Cafeteria serves unfulfilling food

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The trash is always full to the brim with food. Lots of food is wasted every single day in the School District of Clayton. It’s lunchtime.

Junior Charlie Beard order french fries in the commons during 4th hour. The food served has changed, but still has room for improvment. (Caroline Stamp)

Junior Charlie Beard order french fries in the commons during 4th hour. The food served has changed, but still has room for improvment. (Caroline Stamp)

Many student drivers at CHS choose to go off campus with friends for lunch. Some of the students who stay in school during lunch bring prepared meals from home, purchase a sandwich at Subway or buy food from the cafeteria.

Eleven years ago I was eating my homemade lunch at Mrs. Olson’s second grade table in the Meramec Elementary School cafeteria. Starting in kindergarten, rumors spread about the school lunches. My friends told me the hotdogs would bounce on the cafeteria tile floor and the pizza was similar to cardboard.

Although all of these comments were exaggerations, the remarks along with the overwhelming smell and peculiar appearance of the food steered me away from eating school lunches. Now I’m a senior in high school and I’m not sure the amount of food thrown out has decreased.

A few times a year I’ll eat lunch with my sister, a fourth grader at Meramec Elementary School. Everyday during lunch about half the children in the class choose to purchase food from the cafeteria. A few weeks ago, the child sitting next to me at my sister’s table purchased a school lunch. This child took one bite of a hamburger, but devoured the cookie on the cafeteria tray. The rest of the meal went in the trash.

Just like the child sitting next to me at Meramec, many kids at the middle school and high school avoid eating the school lunches. Despite recent attempts to improve the nutritional selection to combat childhood obesity and other diseases linked to poor nutrition, the cafeterias continue to sell students fatty pizza, salty snacks and high caloric meals.

Although none of the Clayton cafeterias sell soda, CHS still has soda vending machines. Even the juice options sold in the cafeteria are almost as unhealthy as soda. If the meals were healthier and more appealing, high school students might avoid going out to lunch or going to Subway.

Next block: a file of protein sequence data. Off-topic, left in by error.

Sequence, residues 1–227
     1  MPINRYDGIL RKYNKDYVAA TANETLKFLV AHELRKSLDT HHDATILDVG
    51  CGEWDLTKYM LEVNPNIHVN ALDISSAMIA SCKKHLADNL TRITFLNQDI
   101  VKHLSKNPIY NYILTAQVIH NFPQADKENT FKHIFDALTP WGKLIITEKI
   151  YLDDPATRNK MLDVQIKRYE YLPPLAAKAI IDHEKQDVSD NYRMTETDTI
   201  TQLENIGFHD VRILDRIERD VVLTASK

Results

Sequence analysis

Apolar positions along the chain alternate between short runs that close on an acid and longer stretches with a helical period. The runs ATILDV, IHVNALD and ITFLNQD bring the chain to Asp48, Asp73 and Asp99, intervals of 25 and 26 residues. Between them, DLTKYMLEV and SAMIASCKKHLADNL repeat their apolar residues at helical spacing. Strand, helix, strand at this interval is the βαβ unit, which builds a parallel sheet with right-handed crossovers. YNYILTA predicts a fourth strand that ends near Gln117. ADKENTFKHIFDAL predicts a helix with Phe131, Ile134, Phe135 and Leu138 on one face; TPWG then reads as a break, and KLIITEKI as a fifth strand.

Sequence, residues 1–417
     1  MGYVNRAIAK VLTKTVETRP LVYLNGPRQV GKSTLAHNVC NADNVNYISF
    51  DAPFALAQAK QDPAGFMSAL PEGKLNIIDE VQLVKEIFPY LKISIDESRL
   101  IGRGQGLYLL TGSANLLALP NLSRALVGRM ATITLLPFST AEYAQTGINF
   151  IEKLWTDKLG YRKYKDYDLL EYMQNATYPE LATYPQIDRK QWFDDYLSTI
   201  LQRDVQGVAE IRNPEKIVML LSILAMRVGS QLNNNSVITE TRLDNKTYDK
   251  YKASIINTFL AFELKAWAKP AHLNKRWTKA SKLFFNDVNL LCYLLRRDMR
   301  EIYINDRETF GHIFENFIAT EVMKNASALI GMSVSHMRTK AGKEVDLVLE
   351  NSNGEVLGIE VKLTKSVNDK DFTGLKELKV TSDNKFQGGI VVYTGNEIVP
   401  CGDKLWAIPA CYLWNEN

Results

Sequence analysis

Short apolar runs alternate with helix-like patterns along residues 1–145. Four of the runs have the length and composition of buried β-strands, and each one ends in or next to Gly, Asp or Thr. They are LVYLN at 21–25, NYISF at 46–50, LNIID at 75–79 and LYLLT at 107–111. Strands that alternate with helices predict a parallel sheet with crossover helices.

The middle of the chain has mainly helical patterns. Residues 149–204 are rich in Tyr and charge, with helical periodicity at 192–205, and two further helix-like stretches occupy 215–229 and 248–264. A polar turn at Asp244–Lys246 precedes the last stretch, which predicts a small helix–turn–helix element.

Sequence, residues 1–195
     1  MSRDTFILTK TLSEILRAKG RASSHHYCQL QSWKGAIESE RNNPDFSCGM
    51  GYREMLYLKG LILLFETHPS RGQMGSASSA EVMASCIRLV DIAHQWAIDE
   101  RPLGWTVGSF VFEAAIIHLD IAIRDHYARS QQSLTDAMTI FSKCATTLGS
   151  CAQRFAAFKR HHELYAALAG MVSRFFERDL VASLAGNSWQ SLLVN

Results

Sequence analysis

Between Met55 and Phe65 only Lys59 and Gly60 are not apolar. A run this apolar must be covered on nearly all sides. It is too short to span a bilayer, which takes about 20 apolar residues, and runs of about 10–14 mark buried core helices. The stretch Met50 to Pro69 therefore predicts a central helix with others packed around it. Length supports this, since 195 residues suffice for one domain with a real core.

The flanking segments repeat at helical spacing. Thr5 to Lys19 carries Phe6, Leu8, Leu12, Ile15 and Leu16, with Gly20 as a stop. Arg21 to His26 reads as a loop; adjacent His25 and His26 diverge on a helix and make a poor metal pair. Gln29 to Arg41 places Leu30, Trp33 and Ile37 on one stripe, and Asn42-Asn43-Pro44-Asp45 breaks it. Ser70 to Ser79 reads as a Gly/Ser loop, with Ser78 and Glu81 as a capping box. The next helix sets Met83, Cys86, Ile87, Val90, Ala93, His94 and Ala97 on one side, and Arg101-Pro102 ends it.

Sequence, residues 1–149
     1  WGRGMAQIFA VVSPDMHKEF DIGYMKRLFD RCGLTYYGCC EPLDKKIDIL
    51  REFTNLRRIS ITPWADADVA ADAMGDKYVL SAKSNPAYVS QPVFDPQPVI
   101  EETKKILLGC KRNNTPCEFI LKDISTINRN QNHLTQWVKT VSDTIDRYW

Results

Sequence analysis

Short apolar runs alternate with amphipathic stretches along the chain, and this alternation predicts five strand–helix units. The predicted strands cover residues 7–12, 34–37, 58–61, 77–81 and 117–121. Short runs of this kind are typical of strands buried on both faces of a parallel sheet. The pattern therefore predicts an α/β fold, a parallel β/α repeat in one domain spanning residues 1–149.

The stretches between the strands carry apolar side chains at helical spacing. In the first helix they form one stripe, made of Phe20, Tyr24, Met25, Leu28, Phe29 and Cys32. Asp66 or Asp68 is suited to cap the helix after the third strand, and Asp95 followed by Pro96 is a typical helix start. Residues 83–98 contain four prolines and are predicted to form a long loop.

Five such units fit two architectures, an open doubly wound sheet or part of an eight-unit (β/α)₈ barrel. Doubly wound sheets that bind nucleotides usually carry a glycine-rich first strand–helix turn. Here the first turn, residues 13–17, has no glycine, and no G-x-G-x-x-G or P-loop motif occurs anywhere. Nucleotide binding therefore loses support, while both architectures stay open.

Despite the school district’s best efforts to improve the food in the district, they don’t seem to be very successful. The food sold is still extremely unhealthy, looks unappealing and many students continue to go out to lunch.

Although Clayton is ranked one of the top school districts in the state for academic achievements, we serve unhealthy meals to students. On some levels the School District of Clayton compares itself with private schools in the St. Louis area like Forsyth. Schools like Forsyth have adopted the “Farm to School” lunch program.

This lunch program connects schools and local farms. Along with supporting local farmers, this program improves school nutrition. There are over 2,065 school districts involved in this program across the country. Why can’t Clayton be involved in one of these programs?

By making the food healthier, we can improve student health and help reduce childhood obesity. We need to conduct a student survey based on the food the schools serve in the cafeteria.

Since students purchase the food in the cafeteria, they should play a larger role in helping the district change the menu. Or better yet, students should be involved in growing the food that they will consume. The science curriculum in all grades at Clayton schools could include the development of a garden, which might encourage students to eat healthier.

Since my time in kindergarten, the lunch items served in the Clayton schools have become slightly healthier, but still need lots of improving.  The district at one time managed the food service provided to all students and even had a kitchen at each school.

Presently the food service has been out sourced and there is a central kitchen all managed by Chartwells. Chartwells, as any for profit company wants to maximize profits while maintaining its contract with our district.

Chartwells and the School District of Clayton need to continue working together to improve the cafeteria food. The district may need to increase any subsidy for the food service. Potential improvements to the meal system can create a win-win situation so both Chartwells and the district increase the revenue and improve the health of students.

While the district should be proud of our academic achievements, they need to focus more on student health and the weaknesses of the lunch program. With the help of the student body, the administration needs to consider making substantial changes. Lunchtime isn’t over yet.

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